Drawing a parallel with the software development world, Jessica emphasizes the importance of aligning one's abilities with their goals. If the goal is to deliver features, developers need to understand not only programming but also infrastructure, operations, and testing. Furthermore, she highlights the significance of interdependence within software development teams, emphasizing that teamwork is the key to success.
Avoiding the Runaway Leader Problem
Jessica addresses the issue of a "runaway leader" in both games and the workplace. In games like Monopoly, once a player takes the lead, their advantage continues to grow, making it nearly impossible for others to catch up. In the context of work, this problem often manifests as a significant disparity in the productivity and knowledge levels of team members.
The solution to this issue is ensemble programming, a collaborative approach that promotes knowledge sharing and levels the playing field. It allows team members to work together to overcome challenges and align their abilities and knowledge. This approach fosters a sense of teamwork and encourages everyone to contribute effectively.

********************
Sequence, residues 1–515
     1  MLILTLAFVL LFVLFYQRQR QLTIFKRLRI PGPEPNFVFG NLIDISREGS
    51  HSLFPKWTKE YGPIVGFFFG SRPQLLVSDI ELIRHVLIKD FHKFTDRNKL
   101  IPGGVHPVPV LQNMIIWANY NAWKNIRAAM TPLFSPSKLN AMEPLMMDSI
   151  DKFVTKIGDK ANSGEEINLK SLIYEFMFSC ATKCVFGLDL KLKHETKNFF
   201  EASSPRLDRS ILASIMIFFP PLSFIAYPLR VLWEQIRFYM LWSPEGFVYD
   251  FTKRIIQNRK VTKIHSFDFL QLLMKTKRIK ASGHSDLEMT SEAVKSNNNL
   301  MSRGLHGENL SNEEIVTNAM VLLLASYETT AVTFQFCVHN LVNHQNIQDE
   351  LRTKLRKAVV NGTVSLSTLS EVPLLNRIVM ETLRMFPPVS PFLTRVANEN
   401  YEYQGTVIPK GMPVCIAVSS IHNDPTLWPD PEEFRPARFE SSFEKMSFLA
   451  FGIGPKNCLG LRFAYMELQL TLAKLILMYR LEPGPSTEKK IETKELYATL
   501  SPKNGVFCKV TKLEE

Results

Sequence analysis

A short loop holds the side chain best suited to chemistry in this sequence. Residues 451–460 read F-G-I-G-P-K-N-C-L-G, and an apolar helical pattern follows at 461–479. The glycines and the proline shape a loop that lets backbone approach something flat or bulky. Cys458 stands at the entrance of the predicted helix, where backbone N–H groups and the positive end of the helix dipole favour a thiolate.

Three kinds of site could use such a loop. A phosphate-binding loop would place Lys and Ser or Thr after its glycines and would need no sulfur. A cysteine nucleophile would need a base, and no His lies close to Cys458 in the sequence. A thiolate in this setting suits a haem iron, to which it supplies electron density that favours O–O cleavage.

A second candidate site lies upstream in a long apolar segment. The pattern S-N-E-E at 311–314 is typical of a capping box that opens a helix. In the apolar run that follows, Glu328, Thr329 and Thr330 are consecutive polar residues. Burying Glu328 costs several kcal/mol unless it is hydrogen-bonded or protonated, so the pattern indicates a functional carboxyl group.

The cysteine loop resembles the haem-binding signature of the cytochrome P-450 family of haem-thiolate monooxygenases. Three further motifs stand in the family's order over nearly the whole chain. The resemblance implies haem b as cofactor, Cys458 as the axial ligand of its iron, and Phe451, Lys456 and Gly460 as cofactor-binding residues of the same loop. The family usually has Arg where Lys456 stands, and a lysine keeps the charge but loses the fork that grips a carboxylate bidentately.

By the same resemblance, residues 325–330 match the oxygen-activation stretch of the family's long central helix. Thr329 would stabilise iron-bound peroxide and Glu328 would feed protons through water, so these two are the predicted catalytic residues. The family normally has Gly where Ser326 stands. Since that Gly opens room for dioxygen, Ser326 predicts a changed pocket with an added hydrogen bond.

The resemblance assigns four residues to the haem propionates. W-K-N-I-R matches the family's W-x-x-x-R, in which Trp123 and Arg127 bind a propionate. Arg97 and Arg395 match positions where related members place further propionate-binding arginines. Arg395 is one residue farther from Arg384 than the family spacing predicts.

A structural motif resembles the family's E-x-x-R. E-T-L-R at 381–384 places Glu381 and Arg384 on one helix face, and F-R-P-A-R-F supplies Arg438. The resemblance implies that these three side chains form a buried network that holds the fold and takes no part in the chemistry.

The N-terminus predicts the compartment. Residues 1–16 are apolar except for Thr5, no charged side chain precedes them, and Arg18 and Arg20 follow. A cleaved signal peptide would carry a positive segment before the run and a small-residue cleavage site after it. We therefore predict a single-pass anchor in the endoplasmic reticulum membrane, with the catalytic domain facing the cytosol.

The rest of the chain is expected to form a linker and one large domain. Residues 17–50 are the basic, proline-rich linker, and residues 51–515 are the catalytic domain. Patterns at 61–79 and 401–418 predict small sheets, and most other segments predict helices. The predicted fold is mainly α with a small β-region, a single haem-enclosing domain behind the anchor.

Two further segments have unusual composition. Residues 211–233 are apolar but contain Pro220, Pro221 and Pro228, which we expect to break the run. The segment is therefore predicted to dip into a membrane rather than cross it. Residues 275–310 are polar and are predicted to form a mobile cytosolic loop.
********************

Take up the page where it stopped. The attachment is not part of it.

Creating Positive Social Interactions
Positive social interactions are vital for both gaming and work environments. In multiplayer games, the mechanics employed significantly affect how players interact with one another. In the workplace, social interactions can be influenced by the tools and processes in place.
For example, asynchronous code reviews can create a sense of opposition between the author and the reviewer, as their roles are pitted against each other. In contrast, synchronous, collaborative code reviews can promote positive social interactions, leading to a more enjoyable and productive work environment.
Designing Norms and House Rules
To improve social interactions and create a sense of uniformity within a team, it’s key to understand the concepts of norms and house rules. Norms are shared behaviors and practices that the team collectively agrees upon. They help create a consistent and efficient work environment.
House rules, on the other hand, are unique rules that teams can establish based on their specific needs. For example, a team may implement norms around code standards and then create house rules for specific workflows or processes that work best for them.
The world of gaming and the realm of work share common elements when it comes to productivity, engagement, and team dynamics. By understanding the principles of game design and applying them to the workplace, teams can enhance their ability to align goals with abilities, foster positive social interactions, and create satisfying player experiences in the world of software development.
By adopting a game-like mindset, organizations can transform their work environments into places where employees not only find greater productivity but also experience more enjoyment and satisfaction in their daily tasks. It's time to make work feel more like an engaging and challenging game.